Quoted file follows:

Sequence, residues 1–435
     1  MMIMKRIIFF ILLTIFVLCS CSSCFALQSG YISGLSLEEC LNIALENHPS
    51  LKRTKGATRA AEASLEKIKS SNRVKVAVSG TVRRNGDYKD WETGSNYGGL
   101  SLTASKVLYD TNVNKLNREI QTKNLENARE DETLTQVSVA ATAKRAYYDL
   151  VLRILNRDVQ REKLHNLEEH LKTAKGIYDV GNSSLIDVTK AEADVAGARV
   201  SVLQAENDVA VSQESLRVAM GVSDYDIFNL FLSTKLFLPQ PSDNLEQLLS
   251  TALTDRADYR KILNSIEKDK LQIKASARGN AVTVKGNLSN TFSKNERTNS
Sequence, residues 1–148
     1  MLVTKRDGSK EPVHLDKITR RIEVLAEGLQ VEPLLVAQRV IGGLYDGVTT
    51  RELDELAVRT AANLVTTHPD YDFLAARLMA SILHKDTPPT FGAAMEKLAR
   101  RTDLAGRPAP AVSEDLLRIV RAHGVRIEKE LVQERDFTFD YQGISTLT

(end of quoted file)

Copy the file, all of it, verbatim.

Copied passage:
Sequence, residues 1–435
     1  MMIMKRIIFF ILLTIFVLCS CSSCFALQSG YISGLSLEEC LNIALENHPS
    51  LKRTKGATRA AEASLEKIKS SNRVKVAVSG TVRRNGDYKD WETGSNYGGL
   101  SLTASKVLYD TNVNKLNREI QTKNLENARE DETLTQVSVA ATAKRAYYDL
   151  VLRILNRDVQ REKLHNLEEH LKTAKGIYDV GNSSLIDVTK AEADVAGARV
   201  SVLQAENDVA VSQESLRVAM GVSDYDIFNL FLSTKLFLPQ PSDNLEQLLS
   251  TALTDRADYR KILNSIEKDK LQIKASARGN AVTVKGNLSN TFSKNERTNS
Sequence, residues 1–148
     1  MLVTKRDGSK EPVHLDKITR RIEVLAEGLQ VEPLLVAQRV IGGLYDGVTT
    51  RELDELAVRT AANLVTTHPD YDFLAARLMA SILHKDTPPT FGAAMEKLAR
   101  RTDLAGRPAP AVSEDLLRIV RAHGVRIEKE LVQERDFTFD YQGISTLT